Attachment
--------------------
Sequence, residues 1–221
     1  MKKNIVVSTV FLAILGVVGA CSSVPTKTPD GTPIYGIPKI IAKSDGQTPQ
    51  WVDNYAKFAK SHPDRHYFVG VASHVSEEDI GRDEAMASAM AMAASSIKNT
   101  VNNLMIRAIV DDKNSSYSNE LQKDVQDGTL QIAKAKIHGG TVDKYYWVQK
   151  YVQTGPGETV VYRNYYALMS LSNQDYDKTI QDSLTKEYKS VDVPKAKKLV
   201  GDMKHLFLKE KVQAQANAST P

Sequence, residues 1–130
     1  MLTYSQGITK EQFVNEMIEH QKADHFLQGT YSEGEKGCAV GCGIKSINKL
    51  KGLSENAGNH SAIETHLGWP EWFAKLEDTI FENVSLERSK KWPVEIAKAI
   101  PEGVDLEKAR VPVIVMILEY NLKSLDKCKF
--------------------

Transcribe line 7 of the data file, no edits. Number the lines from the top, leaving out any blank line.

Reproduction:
Sequence, residues 1–130